Here is a link to the paper: https://www.journals.uchicago.edu/doi/full/10.1086/703960Report
Ooops, sorry, that’s just the link to the CI page. It was meant to go to the paper, but I can’t seem to get that URL to work when I copy and paste. Ignore me, I guess! One tip is, if you have a Facebook account, you can join the group “The Philosophical Underclass,” which helps provide papers to people whose institutions lack access.Report
It seems telling that you have immediately backed down from a claim about the humanities to a claim about the “interpretive humanities” (a term for which I cannot find any broadly accepted definition, raising questions of whether you are using it in a way that is linguistically gerrymandered).
I also can’t find someone named Paul Moran who is both a philosopher in the sense that academic philosophy uses the term (as opposed to someone who merely calls themselves a philosopher or throws the phrase “philosophy of” around in a way that just means “my opinions about”) and whose research would be relevant to your argument. Perhaps if I find a way around all the paywalls blocking your work I might be able to figure out who you are talking about, but I so far I am skeptical given how often critiques of academic philosophy are based on people who are not representative of philosophy as an academic discipline.Report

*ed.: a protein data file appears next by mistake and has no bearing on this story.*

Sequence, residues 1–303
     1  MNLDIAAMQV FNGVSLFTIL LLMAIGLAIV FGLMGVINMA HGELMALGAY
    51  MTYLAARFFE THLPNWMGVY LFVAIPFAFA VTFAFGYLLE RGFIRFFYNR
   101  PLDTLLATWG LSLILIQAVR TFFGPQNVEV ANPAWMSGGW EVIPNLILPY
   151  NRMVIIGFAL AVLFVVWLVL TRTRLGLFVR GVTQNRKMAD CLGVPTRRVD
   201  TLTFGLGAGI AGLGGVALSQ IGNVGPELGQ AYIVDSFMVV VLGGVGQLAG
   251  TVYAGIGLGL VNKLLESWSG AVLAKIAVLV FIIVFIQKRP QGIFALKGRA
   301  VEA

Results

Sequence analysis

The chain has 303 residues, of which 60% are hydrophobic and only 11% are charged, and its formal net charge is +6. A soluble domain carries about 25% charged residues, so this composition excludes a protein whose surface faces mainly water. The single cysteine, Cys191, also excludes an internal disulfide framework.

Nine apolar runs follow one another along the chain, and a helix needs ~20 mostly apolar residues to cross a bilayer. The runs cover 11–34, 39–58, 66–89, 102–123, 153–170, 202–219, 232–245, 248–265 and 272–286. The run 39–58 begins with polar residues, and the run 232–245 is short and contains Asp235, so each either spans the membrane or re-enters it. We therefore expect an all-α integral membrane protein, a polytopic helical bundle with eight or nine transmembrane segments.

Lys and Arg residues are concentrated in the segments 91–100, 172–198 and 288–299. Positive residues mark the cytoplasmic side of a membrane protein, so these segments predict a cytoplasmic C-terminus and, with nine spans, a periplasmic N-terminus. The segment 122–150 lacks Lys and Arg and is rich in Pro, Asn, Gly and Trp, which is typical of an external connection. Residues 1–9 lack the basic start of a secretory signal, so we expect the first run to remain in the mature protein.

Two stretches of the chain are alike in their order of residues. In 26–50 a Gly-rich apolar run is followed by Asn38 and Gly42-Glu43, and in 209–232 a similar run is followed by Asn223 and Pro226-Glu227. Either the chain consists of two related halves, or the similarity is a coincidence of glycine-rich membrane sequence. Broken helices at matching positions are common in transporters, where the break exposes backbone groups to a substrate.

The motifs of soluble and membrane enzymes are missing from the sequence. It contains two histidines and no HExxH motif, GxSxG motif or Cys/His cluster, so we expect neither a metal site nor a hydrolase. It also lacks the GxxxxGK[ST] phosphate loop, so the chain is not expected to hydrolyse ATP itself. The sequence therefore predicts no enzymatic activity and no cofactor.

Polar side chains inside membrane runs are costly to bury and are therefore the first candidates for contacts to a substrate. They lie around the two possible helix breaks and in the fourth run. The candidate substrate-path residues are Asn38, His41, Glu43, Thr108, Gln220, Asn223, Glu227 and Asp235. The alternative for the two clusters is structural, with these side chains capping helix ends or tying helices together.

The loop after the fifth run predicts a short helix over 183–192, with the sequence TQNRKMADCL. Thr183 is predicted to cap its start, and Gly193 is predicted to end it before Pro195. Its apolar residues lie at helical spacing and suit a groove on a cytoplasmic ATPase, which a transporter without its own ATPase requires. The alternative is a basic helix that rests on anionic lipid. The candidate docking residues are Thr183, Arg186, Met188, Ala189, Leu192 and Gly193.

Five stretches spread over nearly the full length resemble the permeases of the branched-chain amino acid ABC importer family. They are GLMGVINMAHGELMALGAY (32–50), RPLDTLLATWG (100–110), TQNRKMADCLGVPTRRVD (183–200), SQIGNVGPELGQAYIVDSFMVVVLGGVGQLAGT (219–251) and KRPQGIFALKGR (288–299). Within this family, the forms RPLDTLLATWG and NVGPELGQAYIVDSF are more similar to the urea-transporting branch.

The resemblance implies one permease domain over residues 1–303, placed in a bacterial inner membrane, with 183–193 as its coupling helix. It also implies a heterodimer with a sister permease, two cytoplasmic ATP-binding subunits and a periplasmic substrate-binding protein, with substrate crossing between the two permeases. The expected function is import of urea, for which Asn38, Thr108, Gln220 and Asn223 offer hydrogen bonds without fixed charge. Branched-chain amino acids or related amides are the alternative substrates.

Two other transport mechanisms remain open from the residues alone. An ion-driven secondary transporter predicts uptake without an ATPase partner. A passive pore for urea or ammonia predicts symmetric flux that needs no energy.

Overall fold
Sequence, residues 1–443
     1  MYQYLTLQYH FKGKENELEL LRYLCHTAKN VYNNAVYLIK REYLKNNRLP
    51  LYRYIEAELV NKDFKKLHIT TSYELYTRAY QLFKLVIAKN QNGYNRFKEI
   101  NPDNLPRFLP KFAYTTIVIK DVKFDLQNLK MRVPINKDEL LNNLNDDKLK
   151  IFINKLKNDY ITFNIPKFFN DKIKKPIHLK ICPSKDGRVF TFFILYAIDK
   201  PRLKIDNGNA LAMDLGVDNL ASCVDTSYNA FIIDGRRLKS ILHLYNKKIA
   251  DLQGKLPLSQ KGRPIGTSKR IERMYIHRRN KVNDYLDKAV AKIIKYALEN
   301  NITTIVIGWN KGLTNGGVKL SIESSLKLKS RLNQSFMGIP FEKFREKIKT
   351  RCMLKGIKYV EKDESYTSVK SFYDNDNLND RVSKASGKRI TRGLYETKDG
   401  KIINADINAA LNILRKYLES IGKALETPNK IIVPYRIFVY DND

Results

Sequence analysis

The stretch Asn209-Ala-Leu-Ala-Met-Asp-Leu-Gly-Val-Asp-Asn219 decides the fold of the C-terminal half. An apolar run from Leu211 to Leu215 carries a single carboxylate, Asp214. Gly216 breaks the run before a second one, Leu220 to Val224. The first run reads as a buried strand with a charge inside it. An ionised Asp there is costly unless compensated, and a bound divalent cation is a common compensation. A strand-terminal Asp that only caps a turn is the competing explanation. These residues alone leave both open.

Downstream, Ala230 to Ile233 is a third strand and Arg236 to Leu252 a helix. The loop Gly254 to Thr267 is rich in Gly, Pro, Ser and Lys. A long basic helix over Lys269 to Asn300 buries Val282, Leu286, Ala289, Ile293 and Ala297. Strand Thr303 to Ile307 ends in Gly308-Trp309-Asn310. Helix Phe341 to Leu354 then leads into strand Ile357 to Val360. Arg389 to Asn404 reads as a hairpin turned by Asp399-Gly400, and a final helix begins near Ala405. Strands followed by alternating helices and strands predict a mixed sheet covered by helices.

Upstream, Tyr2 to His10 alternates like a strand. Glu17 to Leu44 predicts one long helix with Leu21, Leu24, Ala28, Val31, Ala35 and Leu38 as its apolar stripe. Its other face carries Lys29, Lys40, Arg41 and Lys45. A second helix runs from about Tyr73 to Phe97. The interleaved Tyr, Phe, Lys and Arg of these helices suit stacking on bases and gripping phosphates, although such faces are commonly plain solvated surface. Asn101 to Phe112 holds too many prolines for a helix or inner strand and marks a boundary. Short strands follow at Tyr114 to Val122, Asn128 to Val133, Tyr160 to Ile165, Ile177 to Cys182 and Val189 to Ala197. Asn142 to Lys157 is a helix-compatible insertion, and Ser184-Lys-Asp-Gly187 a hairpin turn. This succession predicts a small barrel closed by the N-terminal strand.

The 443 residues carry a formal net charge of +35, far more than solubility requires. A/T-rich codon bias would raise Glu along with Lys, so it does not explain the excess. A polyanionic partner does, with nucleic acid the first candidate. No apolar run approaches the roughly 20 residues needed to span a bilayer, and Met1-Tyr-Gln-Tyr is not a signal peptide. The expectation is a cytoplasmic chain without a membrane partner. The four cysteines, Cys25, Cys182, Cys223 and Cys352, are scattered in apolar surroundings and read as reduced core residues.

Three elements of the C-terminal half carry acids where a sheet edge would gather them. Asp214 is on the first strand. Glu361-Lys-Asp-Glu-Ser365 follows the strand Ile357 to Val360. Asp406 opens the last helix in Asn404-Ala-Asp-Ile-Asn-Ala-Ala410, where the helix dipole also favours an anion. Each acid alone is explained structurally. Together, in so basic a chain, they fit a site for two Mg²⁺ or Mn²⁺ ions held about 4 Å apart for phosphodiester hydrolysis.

Does anyone know of a good forum like this where academics from throughout the humanities hang out? It would be lovely to hear from some non-philosophers on this one.Report
The CHE used to have a forum, but they closed it over the summer. Members set up a new one at thefora dot org.
It’s for anyone and everyone in the academy, but there are lots of humanists there. Very few philosophers, however.Report